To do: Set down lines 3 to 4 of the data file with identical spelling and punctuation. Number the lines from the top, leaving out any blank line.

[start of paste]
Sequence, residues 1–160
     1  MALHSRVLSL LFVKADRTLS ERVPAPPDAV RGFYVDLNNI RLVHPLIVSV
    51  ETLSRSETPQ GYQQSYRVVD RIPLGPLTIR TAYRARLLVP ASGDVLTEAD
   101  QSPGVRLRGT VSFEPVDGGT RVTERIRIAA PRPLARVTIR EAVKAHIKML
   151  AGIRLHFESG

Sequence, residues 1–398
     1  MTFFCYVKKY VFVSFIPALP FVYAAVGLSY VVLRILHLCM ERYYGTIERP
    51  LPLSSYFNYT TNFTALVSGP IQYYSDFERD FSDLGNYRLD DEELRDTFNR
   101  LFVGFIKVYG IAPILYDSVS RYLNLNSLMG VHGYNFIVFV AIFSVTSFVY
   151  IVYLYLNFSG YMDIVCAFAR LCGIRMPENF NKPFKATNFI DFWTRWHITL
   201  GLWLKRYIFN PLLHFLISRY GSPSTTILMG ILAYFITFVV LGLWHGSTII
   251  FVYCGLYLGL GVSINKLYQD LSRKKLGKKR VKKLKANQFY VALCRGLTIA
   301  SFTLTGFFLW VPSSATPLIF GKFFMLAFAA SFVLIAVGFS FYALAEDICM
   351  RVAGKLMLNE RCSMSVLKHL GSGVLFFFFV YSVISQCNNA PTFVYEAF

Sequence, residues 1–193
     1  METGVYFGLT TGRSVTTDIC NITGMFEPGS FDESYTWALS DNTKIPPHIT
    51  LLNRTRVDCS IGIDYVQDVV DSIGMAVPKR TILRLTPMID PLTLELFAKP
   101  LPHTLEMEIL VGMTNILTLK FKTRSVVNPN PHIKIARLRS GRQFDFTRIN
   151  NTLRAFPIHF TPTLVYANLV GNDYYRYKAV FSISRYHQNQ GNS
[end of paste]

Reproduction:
    51  ETLSRSETPQ GYQQSYRVVD RIPLGPLTIR TAYRARLLVP ASGDVLTEAD
   101  QSPGVRLRGT VSFEPVDGGT RVTERIRIAA PRPLARVTIR EAVKAHIKML